Jump to content


  • Content Count

  • Joined

  • Last visited

Community Reputation

19 Good

About mikayel

  • Rank
    (1) Prestidigitator
  1. Oh crap, forgot about the first level delay on spell casting. Yeah, you took a level of a warrior class then you missed a spell-casting level on first Eldritch Knight level. Still, we can modify or change that with a simple house rule like "first level of EK gets casting as well" or a general "all martial weapon" proficiency.
  2. Hahahahaha, I wish I could give Psychoblonde a fist-bump. If scroll-scribing is in the game, then wizards and clerics should NEVER run out of spells, end of story. In ToEE you used your innate spell slots for meta-magic or for high level spells that you didn't want to sacrifice hundreds of XP for. Otherwise, all of your web, magic missile, fireball, haste, enlarge person, etc. was cast from scrolls because they were cheap, you could have a ton of 'em, and more importantly they allowed for many, many more castings of spells. The IE games had no such feature, and neither did NWN I believe so you had to either buy scrolls to cast 'em (most would consider this not-worth it unless they needed a specific gimmick for a fight) or you had to find 'em. In real D&D you make your own arsenal -- that's why in KotC my wizards ran around wielding wands of fireball +1 and would just rain artillery-hell on everyone while the cleric and knight kept the stronger monsters at bay for them to eventually unload more useful spells. As for making a fighter-mage type of character, why not just bring up multi-classing or prestige classes? Eldritch Knight basically made any wizard a good BAB decent HP gish at the cost of one caster level. Word on the street is that Gandalf was a half-celestial double-halfling cleric of Monochromatus, the god of blandness and neutrality.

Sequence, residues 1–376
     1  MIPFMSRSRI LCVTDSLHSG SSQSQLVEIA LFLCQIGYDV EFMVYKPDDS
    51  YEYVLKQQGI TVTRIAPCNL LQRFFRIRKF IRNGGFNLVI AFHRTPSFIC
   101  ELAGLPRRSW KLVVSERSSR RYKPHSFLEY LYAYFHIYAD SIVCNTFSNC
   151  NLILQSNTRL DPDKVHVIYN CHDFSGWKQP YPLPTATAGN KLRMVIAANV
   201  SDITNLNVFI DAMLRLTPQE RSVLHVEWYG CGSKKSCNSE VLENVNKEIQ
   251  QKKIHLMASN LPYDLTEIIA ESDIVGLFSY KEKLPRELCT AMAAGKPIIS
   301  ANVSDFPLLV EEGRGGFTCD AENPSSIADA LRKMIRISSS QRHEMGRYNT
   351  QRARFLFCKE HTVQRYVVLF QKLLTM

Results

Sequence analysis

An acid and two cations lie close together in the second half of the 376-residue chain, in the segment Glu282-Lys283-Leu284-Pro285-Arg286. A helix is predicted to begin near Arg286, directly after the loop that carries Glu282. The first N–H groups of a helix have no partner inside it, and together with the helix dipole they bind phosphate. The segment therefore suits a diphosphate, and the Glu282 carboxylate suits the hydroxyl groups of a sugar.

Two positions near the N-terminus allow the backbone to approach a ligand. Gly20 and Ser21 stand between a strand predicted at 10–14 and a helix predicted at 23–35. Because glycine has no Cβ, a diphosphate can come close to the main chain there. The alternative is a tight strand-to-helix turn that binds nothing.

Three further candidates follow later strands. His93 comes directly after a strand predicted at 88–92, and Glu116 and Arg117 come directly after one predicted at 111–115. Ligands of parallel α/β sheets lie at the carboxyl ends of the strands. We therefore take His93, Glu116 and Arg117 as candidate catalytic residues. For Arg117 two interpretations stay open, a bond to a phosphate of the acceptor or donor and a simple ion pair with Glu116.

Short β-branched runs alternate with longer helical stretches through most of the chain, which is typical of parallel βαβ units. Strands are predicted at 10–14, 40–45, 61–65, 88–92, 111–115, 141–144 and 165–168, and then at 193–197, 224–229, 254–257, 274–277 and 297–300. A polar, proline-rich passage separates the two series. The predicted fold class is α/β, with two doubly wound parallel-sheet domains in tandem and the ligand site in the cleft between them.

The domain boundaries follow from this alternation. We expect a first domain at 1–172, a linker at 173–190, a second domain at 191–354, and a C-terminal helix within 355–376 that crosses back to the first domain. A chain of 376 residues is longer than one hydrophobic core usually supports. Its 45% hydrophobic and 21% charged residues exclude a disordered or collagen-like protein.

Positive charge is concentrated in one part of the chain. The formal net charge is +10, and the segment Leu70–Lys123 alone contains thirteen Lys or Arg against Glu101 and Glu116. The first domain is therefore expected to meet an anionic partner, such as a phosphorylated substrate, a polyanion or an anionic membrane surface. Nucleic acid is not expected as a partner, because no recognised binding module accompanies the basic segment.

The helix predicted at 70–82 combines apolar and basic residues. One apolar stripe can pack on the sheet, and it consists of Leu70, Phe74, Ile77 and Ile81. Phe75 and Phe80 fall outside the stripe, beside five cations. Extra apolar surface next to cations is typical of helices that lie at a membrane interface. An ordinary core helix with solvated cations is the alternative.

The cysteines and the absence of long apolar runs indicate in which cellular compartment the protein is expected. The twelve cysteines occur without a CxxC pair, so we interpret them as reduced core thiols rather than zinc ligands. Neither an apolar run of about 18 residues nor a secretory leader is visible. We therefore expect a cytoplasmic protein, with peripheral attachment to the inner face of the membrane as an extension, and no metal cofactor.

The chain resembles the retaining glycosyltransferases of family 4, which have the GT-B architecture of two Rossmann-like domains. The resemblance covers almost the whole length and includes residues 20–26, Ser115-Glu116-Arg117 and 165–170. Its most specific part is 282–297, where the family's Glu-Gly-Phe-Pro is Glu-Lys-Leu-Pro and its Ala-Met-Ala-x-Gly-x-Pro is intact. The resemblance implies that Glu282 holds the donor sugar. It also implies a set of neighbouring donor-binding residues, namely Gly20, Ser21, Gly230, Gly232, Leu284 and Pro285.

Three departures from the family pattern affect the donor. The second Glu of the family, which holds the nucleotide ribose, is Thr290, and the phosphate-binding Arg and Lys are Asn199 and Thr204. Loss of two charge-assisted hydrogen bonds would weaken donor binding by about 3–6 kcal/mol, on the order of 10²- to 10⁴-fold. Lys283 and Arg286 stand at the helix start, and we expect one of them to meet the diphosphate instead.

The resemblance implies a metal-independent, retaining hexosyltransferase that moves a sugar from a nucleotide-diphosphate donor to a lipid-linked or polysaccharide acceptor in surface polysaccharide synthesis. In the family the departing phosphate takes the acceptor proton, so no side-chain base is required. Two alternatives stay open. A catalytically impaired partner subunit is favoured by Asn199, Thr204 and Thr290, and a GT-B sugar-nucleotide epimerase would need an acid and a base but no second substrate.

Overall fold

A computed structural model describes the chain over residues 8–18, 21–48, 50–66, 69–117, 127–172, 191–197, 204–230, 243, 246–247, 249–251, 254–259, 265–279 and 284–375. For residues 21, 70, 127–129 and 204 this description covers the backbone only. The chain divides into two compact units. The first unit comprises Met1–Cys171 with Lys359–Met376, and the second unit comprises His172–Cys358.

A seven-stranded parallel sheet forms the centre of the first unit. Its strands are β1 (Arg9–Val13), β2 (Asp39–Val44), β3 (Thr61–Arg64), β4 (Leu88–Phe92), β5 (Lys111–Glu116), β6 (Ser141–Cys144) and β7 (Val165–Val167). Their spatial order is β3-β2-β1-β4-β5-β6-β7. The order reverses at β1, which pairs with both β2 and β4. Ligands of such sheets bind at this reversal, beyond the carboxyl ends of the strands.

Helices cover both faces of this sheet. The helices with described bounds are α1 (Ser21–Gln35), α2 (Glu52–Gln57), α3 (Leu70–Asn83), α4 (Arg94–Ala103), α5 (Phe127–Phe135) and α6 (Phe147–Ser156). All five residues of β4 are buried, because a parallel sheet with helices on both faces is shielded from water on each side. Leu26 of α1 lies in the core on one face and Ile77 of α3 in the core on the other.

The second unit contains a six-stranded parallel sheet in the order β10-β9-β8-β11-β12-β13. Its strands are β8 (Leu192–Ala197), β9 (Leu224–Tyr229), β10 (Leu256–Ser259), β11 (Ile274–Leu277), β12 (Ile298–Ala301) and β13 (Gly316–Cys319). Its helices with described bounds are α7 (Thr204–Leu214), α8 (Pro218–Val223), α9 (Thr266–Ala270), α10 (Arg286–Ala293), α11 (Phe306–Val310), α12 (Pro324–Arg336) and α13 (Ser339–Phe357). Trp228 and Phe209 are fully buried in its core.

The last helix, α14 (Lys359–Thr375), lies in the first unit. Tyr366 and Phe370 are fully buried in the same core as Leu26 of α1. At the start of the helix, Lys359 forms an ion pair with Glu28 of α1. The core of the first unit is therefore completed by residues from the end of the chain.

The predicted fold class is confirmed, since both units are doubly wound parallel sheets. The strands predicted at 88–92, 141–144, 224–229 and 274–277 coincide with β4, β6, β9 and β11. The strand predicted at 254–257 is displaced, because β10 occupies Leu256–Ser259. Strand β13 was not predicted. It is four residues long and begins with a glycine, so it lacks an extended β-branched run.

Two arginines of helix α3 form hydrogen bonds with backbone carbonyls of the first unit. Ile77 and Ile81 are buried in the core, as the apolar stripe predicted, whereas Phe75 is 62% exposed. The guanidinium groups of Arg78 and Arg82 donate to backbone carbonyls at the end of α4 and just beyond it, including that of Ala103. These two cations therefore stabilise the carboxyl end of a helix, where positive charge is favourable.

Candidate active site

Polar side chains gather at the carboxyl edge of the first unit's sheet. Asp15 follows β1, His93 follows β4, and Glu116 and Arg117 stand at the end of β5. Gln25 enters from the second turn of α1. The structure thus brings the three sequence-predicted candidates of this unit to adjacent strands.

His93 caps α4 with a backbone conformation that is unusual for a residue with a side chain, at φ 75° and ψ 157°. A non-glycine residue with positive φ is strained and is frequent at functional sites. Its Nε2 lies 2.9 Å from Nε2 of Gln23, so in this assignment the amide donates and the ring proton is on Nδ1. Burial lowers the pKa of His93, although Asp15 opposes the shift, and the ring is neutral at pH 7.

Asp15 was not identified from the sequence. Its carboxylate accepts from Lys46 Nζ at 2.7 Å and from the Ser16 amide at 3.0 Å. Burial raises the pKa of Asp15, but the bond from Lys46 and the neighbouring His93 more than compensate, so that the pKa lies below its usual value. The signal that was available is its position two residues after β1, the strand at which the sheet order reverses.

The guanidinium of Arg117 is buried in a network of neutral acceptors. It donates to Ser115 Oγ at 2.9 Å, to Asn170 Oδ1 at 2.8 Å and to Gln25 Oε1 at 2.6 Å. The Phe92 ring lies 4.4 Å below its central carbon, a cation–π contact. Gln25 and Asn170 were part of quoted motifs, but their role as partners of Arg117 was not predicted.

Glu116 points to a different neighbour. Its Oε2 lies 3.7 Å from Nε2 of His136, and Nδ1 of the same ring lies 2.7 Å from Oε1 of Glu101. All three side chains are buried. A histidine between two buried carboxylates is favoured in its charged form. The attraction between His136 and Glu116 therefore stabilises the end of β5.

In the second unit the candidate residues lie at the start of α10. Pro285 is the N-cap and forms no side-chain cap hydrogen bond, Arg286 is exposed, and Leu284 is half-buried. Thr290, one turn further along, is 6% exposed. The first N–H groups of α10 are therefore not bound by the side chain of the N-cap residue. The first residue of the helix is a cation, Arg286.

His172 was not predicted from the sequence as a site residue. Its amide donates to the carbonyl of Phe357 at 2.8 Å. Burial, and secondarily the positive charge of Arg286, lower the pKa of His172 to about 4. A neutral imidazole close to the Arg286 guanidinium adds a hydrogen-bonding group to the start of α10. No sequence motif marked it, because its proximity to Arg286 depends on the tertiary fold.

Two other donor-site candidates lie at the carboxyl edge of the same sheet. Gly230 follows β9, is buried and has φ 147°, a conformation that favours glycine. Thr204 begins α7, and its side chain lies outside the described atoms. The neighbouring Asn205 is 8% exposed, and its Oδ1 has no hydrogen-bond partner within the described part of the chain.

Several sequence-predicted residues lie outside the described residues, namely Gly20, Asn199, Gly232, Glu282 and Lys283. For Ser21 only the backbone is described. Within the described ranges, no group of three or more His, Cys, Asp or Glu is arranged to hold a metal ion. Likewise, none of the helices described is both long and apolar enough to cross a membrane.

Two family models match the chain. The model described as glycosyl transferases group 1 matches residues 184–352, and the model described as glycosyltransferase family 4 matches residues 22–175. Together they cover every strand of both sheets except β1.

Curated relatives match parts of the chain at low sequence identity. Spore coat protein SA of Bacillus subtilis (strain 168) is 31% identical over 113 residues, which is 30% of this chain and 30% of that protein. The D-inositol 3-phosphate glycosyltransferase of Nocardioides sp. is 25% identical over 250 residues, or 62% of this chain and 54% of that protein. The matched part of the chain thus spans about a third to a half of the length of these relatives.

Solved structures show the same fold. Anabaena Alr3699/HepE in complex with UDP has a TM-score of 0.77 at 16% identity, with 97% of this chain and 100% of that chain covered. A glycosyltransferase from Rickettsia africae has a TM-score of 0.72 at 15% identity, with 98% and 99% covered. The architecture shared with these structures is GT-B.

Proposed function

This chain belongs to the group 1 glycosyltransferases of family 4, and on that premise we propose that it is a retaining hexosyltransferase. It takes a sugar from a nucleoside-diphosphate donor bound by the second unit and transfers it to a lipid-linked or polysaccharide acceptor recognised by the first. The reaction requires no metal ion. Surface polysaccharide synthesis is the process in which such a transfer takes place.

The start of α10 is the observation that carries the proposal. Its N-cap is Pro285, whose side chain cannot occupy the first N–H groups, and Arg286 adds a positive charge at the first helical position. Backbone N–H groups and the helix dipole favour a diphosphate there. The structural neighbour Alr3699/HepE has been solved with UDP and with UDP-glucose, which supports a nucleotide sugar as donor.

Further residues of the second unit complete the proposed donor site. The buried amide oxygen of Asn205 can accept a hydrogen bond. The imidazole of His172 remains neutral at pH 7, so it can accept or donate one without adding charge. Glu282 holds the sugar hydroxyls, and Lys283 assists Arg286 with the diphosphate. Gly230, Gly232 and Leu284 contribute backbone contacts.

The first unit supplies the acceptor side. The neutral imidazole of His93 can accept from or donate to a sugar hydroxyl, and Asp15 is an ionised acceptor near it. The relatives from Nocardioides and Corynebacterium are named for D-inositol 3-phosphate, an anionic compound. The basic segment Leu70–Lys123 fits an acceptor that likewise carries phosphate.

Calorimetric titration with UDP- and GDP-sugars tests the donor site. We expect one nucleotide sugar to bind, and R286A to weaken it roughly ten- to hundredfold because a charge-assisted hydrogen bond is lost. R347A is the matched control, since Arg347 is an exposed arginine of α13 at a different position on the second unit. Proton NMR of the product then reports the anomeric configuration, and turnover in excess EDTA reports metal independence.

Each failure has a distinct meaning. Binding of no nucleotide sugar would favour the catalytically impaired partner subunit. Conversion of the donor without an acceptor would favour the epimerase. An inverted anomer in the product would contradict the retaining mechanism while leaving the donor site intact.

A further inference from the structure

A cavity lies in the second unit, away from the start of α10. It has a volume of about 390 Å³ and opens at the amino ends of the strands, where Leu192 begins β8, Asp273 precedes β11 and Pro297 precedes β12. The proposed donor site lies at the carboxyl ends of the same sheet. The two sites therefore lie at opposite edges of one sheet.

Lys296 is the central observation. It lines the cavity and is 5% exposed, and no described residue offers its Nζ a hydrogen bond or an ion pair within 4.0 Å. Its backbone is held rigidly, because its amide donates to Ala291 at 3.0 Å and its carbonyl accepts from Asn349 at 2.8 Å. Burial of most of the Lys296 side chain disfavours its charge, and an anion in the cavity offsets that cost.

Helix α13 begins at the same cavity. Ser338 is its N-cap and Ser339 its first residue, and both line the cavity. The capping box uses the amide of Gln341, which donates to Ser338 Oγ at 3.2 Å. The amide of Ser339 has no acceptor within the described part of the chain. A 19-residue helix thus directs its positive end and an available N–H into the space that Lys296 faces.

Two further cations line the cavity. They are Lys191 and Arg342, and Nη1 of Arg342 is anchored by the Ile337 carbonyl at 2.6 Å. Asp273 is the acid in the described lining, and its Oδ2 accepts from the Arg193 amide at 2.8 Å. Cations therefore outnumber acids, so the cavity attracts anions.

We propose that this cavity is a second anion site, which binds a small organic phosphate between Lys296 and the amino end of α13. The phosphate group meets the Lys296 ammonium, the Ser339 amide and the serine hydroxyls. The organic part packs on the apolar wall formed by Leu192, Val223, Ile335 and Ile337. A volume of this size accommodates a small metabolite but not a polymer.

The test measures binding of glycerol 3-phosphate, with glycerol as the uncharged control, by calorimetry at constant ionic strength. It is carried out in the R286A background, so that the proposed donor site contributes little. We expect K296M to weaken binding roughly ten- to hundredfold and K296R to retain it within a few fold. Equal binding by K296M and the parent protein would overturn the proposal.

3. I'd rather talk about changing the way archery works in general but instead I'll say this: Limited ammo then include one of those "everlast" or "quiver of plenty" items after the game has progressed to the point that you're no longer coveting a masterwork longsword over a regular one. Or, have that be a perk in the crafting/enchanting system and let players who like building their own tools of convenience craft such items that do either mundane damage (same as a regular arrow) or perhaps even slightly less damage but they are unlimited. Likewise, you can include weapons that create their own ammo thus negating your ability to use an awesome bow + awesome arrow combo and instead stick with whatever magical projectiles that weapon happens to shoot on its own. I'm curious if throwing weapons will show up, and if they do, will they be useful or not? "Fastest dart thrower in the west!"